This approach is what Rosenblum calls social movement unionism. And his long-term view on building unity in the working class means for him, that a “sustained movement must rest on more than economic and political principles. A movement should draw upon the values that emanate from our deepest human emotions and desires for justice and community. The call for spiritual morality, whether advanced by organized religion or secular humanist yearnings, has played a decisive role in leading struggles throughout history.”
Readers might not be used to this language of faith and morality on the socialist left. However, in Jonathan’s book, this ethical approach is an appeal for working-class solidarity from both our long-term common interest and to help each other, here and now, in our struggles to end exploitation and oppression. And though it may sound like abstract principles, in practice, having a long-term strategy of organizing, and not just a short-term effort geared towards mobilizing and using the already existing forces, made all the difference in the most heated period of the campaign.
Conflicts within the Campaign
In the last 3 months, after the SeaTac City Council put the initiative on the ballot and before the actual vote happened, tensions in the campaign increased. Alaska Airlines took legal action to prevent the vote from happening, and this opened up a debate within SEIU about which way forward for the campaign.
The “campaign’s main funder, a local SEIU leader [David Rolf], was panicking and had resolved, unilaterally, to redirect strategy, undermining the foundation of the entire effort.” Rosenblum fully acknowledges, that SEIU Local 775’s president Rolf, ”was willing to invest significant resources in bold campaigns when other union leaders shrank from commitment.” However, under the pressure of the ballot initiative, Rolf tried to end all the work that was invested to build relations with communities, with mosques and churches, even to end all the organizing work at the airport, and instead focus all resources on winning the vote. Other union leaders “had agreed to move some staff to door knocking, while keeping enough in the airport to continue to organize workers for the initiative campaign”. These leaders recognized that SeaTac was fundamentally an organizing campaign. It was crucial that workers play a central role in the initiative drive because their collective action would be essential in the ballot campaign and beyond. “They also must have recognized that what seemed to Rolf as the safest choice – reining in the campaign under the full control of his professional union staff – was in fact the most perilous path because it would tear asunder the foundation of trust and inclusion that we would need for the ballot and beyond.”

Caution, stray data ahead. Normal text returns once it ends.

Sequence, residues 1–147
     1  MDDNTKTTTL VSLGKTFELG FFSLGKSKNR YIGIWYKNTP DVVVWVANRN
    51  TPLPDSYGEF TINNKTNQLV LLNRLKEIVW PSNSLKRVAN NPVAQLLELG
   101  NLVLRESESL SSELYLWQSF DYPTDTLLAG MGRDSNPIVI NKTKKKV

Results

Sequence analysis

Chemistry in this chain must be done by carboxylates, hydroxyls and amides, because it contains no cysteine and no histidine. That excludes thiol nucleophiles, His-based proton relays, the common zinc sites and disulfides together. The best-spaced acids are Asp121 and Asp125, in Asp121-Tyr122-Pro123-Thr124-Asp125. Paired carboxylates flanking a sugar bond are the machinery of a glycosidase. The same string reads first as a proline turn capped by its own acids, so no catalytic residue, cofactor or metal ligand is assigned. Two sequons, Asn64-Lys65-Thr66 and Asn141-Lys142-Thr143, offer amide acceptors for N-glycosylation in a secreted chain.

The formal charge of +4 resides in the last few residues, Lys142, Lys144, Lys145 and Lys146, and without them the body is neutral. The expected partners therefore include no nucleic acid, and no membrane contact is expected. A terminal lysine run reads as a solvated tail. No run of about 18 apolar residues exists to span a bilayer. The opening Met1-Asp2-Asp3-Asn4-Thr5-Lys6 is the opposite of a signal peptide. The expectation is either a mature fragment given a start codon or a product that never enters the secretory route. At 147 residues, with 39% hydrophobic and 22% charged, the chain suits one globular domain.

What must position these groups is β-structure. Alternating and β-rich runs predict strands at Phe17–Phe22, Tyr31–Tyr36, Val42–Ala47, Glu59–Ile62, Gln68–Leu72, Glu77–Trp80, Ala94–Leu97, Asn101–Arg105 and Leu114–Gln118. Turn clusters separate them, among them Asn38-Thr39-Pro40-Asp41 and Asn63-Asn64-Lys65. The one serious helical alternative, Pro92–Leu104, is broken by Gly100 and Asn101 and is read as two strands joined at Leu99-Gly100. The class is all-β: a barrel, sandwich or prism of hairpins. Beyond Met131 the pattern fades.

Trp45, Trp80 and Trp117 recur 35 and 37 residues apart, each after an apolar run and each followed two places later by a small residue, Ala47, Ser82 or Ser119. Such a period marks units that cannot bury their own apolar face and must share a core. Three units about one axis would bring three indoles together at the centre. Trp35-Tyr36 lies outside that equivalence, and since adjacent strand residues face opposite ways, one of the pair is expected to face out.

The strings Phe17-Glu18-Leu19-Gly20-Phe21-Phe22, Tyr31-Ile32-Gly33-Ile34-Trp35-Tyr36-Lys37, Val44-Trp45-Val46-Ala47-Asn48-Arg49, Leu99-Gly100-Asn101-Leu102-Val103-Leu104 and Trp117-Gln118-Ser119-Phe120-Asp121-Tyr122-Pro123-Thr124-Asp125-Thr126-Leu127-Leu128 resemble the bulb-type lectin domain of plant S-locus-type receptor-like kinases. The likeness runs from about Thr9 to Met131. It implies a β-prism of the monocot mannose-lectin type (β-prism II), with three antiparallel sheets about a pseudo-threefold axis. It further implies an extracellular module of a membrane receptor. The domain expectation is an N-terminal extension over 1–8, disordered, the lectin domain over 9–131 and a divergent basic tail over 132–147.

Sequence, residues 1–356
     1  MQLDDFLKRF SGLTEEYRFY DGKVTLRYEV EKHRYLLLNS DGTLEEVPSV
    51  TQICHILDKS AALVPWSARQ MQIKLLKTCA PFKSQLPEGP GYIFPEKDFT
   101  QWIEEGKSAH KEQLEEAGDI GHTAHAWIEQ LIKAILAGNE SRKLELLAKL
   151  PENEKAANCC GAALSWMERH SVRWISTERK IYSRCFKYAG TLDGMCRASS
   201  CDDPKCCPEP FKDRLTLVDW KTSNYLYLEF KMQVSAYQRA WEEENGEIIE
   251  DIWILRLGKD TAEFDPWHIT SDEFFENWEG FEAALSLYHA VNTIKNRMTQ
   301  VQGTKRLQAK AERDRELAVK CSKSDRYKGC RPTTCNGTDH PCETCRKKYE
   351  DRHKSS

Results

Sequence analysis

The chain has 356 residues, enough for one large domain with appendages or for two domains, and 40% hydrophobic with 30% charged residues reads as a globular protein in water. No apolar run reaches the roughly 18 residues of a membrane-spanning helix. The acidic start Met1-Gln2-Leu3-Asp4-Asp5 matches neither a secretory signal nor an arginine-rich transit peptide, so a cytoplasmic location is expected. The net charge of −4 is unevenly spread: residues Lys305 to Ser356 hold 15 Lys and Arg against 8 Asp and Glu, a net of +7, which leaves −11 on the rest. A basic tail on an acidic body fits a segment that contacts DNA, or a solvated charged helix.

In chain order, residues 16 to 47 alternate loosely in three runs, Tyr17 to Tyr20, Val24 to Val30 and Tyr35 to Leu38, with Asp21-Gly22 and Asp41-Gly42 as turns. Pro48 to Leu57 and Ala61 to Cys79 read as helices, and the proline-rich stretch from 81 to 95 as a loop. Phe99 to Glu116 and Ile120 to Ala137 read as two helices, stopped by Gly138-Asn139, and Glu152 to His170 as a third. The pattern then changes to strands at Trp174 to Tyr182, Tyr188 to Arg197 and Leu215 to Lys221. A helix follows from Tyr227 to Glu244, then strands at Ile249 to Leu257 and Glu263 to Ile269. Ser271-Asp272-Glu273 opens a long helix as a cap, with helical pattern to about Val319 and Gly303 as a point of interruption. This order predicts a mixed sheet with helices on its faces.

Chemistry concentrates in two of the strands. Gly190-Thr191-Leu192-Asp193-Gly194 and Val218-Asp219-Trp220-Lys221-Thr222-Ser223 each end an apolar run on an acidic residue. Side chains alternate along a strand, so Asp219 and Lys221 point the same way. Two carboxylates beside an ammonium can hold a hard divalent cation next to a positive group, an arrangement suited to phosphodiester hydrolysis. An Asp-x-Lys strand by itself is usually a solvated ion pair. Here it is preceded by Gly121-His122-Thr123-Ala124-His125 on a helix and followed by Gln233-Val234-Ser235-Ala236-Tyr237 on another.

As the director of the campaign, Rosenblum recalls in his book how he was “worried that this move would undermine the nature of the movement we had built in SeaTac, damage relations with unions and community allies that were critical to our credibility in the city, and destroy the trust of airport workers.” He feared that “[a]t best the campaign would stand as yet another illustration of a labor movement that can fight for wages but fails to build working-class power; a ballot success, but a union-building failure”. Already, the internal crisis of labor had taken attention and resources. Workers were getting skeptical and some drifted into cynicism.
Business Unionism in Practice
To Rosenblum, Rolf represents “a robust, modern form of business unionism,” “disdainful of other unions and prone to making sweeping statements about the obsolescence of strikes and proclamation about ‘the death of collective bargaining’.” Rolf ran political campaigns “developed by top leaders, presented to the members with little discussion, and implemented with agility by a disciplined professional union staff.” To Rosenblum this approach effectively meant that “workers were pieces to be moved about on a chessboard, deployed in public actions, legislative hearing rooms, and at press conferences, given scripts of what to say in these public forums, but not encouraged to be the authors of their own emancipation. I saw his work as a political operation – a very competent one – but lacking in authentic worker power.”
Nonetheless, in SeaTac, the coalition stood firm. Labor and community leaders insisted that a number of organizers had to be returned to the airport and community assignments. In addition, SEIU 775 would add staff to win the ballot initiative. “Outwardly, the coalition moved forward, the campaign’s larger purpose intact. But the previous easy camaraderie inside the coalition had been broken. Among the non-SEIU 775 staff, there was indelible mistrust of ‘Rolf’s people,’ and we had to repair frayed ties with airport workers and community allies.”